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AP Photo/Felipe Dana The remains of a destroyed tank are seen following battles between Russian and Ukrainian forces near Brovary (northern Kyiv), Ukraine on Thursday, March 10, 20,22.

“They have a clear order to hold Mariupol hostage, to mock it, to constantly bomb and shell it,” Ukrainian President Volodymyr Zelenskyy said in his nightly video address to the nation. According to him, the Russians launched a tank strike right at where there was supposed be a humanitarian corridor.

Firefighters attempted to rescue a boy who was trapped under the rubble on Thursday. One grasped the boy’s hand. Although his eyes blink, he was still seated. His survival was unknown. A woman in blue wrapped in a blanket shivered as an explosion rang nearby.

According to Sacha Volkov, a Red Cross official, grocery stores and pharmacies have been empty since days past by people who came in looking for supplies. Volkov reported that there’s a black marketplace for vegetables, no meat and thieves are taking gasoline out of cars.

He said that it is difficult to find places safe from bombings, and basements for children and women are reserved. Residents, Volkov said, are turning on one another: “People started to attack each other for food.”

Aleksander Ivanov, an exhausted looking man, pulled a cart with bags along a street that was empty and was flanked by destroyed buildings.

“I don’t have a home anymore. That’s why I’m moving,” he said. “It doesn’t exist anymore. It was hit, by a mortar.”

Russian bombardment has thwarted repeated attempts to transport food, medicine, and evacuate civilians.

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“They want to destroy the people of Mariupol. They want to make them starve,” Vereshchuk said. “It’s a war crime.”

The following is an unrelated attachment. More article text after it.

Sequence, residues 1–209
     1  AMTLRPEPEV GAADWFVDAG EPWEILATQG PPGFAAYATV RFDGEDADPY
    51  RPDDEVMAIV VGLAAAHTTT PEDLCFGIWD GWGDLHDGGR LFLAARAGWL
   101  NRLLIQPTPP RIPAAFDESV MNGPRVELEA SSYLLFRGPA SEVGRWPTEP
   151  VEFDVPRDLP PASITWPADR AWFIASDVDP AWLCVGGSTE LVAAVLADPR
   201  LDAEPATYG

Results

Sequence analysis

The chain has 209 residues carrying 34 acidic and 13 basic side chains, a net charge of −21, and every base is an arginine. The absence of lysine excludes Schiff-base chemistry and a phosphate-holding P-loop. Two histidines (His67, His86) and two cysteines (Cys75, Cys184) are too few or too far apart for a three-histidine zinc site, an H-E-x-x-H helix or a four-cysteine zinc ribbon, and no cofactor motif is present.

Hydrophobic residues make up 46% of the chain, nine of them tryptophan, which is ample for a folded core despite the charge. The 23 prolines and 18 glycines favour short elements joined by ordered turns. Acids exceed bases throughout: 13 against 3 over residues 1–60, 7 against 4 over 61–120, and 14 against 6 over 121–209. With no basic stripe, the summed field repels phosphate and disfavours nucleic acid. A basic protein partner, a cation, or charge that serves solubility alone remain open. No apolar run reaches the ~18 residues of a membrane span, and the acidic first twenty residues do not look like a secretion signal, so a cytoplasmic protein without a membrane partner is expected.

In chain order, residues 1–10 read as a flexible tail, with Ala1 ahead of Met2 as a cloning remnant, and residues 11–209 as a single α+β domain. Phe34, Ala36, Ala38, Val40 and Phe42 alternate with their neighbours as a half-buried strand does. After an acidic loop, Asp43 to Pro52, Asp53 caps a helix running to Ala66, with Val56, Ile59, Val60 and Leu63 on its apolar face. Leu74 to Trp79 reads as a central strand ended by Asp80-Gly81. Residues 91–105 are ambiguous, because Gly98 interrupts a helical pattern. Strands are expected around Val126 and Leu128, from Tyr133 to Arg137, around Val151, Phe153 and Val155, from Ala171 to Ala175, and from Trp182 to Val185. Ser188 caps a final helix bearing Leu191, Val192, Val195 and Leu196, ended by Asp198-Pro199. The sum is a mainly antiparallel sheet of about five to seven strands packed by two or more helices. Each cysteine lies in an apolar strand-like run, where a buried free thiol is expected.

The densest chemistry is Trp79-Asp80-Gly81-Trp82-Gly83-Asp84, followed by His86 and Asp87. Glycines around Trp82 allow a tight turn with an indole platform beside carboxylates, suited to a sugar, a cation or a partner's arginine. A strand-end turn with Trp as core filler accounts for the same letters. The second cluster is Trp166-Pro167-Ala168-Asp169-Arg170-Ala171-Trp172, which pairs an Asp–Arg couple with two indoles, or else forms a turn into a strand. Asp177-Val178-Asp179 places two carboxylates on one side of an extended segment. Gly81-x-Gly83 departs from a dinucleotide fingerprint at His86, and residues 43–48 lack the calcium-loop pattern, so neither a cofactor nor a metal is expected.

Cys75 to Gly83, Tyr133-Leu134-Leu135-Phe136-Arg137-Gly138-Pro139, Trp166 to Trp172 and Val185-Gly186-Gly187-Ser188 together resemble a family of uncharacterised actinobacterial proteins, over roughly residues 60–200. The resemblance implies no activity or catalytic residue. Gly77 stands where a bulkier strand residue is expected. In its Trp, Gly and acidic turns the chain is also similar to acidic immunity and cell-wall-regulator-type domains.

Zelenskyy stated that the number of people fleeing Ukraine has surpassed 2.3 million. Some 100,000 persons have been evacuated from seven Russian-blockaded cities in the center and north of the country over the last two days, which includes the Kyiv suburbs.

Zelenskyy warned Russian leaders that they will be punished for their economic strife. Western sanctions already have had a devastating impact on Russia, with the ruble plummeting, foreign firms fleeing, and prices rising sharply.

“You will definitely be prosecuted for complicity in war crimes,” Zelenskyy said in a video address, warning that “you will be hated by Russian citizens.”

Russian President Vladimir Putin rejected such talk and said that the country had been subject to sanctions in the past.

″We will overcome them,” he said at a televised meeting of government officials. He did, however, acknowledge the sanctions create “certain challenges.”

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AP Photo/Daniel ColePeople fleeing the war in Ukraine are seen gathered at the border crossing to Poland Medyka, on Thursday March 10, 2022.

Many millions of people have been expelled from Ukraine, in addition to the refugees. Vitali Klitschko from Kyiv stated that around 2,000,000 people, or half the inhabitants of the city, had fled to the capital.

“Every street, every house … is being fortified,” he said. “Even people who in their lives never intended to change their clothes, now they are in uniform with machine guns in their hands.”

After her family fled the region, Katya, 14, was taken to the Brovary District Hospital. Her mother Nina said that she shot her in the hand as their car was attacked by gunfire from a nearby forest.

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The girl’s father, who drove frantically from the ambush on blown-out tires, underwent surgery. He was said to have been shot in his head by his wife and two fingers were blown off.

Officials from the West claimed that Russian troops have not made significant ground progress in recent days, and they are suffering heavier losses than Moscow had anticipated. But Putin’s forces have used air power and artillery to pummel Ukraine’s cities.

Felipe Dana, Andrew Drake, and Yuras Karamanau, both Associated Press journalists, were among those who contributed to this report, as well as other correspondents around the globe.